Safety requirements imposed on the airline industry after September 11th, 2001, kept him from entering. Since then, cockpit doors had been fortified. There was no way he could have entered as long as the first officer inside did not want him to. This was the difference between this flight and EgyptAir flight 990 which crashed in pre-September 11th 2001 times.
But, in both cases, the captain went to the bathroom, in both of them the first officer wanted to kill himself. In both cases, the suicidal individual intended to murder many people while committing suicide. It worked, in both cases, decades apart. Instead of just passing away on their own, they wanted to shock the world, scare their passengers and crews, kill everyone aboard and inflict unimaginable pain on the next of kin and to the friends of the deceased.
At 10:40 a.m., the Ground Proximity Warning kicked in. ‘Terrain! Terrain! Pull up! Pull up!”. This automatic voice message was heard on the cockpit voice recorder. At the same moment, the French Air Force sent a Mirage fighter jet to the area, in order to find out why in the hell the Airbus had lost so much altitude.
Student Group On Board
Five seconds after 10:41 a.m., the Germanwings plane crashed into the Trois-Évêchés mountain range in the French Alps. The aircraft exploded into millions of tiny parts. There was hardly anything left of the people on board either. The victims came from 21 nations. Most of them, 74 passengers and crew members, were Germans. Fifty-four Spanish nationals were on the plane as well.
The tragedy was already unbearable when the following piece of news was reported: A group consisting of 16 students from the Joseph König Secondary School was on board with two of their teachers. The teenagers and two adults had wanted to return home to Haltern am See, a small town between Dortmund and Münster, after a student exchange program during which they brushed up their Spanish. The shock and sadness their families went through, and still feel five years later, are indescribable. Weeks after the crash, eighteen white coroner’s wagons drove through Haltern.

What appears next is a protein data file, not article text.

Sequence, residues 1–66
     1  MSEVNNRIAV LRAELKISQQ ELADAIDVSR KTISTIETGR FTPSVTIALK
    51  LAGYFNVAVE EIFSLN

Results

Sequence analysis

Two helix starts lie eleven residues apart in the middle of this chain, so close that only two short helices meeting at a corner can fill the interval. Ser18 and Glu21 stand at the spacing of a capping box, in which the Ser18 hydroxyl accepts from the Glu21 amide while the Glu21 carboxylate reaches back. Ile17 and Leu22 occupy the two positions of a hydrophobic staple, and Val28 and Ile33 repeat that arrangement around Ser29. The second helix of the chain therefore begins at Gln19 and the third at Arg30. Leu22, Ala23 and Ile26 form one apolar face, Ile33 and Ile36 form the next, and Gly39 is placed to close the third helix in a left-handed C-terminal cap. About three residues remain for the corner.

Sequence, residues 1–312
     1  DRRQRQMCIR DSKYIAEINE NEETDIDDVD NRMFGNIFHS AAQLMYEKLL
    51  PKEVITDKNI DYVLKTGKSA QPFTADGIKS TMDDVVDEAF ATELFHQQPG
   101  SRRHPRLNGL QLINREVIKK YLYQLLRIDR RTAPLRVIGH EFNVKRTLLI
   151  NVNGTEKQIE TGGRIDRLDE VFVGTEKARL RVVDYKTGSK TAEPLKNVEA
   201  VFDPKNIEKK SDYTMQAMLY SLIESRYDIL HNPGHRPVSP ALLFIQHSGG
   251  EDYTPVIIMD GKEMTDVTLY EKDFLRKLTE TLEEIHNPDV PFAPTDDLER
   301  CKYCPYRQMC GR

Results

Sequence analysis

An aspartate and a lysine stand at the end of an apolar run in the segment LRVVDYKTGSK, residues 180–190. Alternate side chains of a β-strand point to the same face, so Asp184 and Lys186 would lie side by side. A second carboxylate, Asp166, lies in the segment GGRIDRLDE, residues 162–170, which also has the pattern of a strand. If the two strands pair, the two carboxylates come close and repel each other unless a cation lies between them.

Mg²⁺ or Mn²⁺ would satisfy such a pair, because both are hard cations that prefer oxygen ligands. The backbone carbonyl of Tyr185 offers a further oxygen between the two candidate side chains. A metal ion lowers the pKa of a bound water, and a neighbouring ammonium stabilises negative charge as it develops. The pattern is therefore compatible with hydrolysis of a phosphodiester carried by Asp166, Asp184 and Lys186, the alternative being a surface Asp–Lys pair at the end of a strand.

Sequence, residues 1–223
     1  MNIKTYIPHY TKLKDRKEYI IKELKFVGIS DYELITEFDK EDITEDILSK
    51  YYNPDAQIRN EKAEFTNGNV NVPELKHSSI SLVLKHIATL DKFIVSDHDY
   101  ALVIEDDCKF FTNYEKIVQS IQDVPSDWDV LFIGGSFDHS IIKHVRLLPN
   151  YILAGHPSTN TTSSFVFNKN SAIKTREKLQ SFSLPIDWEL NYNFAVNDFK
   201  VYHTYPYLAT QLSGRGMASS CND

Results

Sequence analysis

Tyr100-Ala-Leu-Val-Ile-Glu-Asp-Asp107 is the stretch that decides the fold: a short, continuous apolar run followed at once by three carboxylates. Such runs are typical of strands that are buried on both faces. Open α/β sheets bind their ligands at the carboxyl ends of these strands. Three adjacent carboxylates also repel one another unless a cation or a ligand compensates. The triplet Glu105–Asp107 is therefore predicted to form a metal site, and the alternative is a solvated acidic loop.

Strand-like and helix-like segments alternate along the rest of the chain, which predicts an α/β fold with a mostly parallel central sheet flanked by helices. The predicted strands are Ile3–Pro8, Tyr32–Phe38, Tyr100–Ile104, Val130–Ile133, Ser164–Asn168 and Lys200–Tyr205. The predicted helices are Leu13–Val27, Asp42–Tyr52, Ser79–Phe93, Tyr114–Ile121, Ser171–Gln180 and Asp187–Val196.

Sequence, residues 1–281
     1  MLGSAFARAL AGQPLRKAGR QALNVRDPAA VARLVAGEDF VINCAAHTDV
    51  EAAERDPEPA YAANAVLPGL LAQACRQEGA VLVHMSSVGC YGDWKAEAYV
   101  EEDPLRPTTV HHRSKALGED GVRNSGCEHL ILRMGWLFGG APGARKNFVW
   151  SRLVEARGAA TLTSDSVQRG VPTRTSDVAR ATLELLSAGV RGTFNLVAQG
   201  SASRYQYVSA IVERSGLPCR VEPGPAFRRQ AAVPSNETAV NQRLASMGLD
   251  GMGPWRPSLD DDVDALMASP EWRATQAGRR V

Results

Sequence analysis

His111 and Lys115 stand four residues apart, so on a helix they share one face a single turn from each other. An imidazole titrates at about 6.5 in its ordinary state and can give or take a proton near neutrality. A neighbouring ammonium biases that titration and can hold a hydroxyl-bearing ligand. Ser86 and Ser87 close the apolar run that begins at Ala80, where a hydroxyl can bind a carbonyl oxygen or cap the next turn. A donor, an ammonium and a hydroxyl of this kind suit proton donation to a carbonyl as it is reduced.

Right after the deadly Germanwings incident, French President François Hollande addressed the nations involved in the tragedy, ministers visited the crash site. In Germany, the Foreign Ministry under today’s President Frank-Walter Steinmeier set up a hotline for the families of the victims from abroad. Steinmeier himself flew to the site with his colleague, Transport Minister Alexander Dobrindt. The next day, Hollande, Chancellor Angela Merkel and Hannelore Kraft, the First Minister of North Rhine-Westphalia at the time, were there. Some three weeks later, an ecumenical mourning ceremony was held at Cologne Cathedral.
In both Germany and France, planned strikes in the airline industry were cancelled. Germanwings got rid of the flight number 9525 for good. Soon the Lufthansa subsidiary would change its name to Eurowings. The old name reminded people of the intentionally caused deadly crash.
The cause of this avoidable crash became clear early on in the investigation. Andreas L., the first officer, was not only suffering from severe depression. He was officially on sick leave on the day he steered that plane into the mountain, but did not volunteer that information. He had not taken his medication either. And he had made statements that should have sounded alarm bells rather than just raising eyebrows. Today, the way pilots are being checked in the European Union is stricter than it was six years ago, and there is a ‘two crew members rule’. Nobody will be in the cockpit alone.
There are memorial sites for the victims of Germanwings flight no. 9525. One was established at the crash site, one at Le Vernet, a village close by. There is a memorial room at Düsseldorf Airport, where the flight should have arrived, but never did. And there are several memorials in Haltern am See, where those lost in the French Alps will never be forgotten.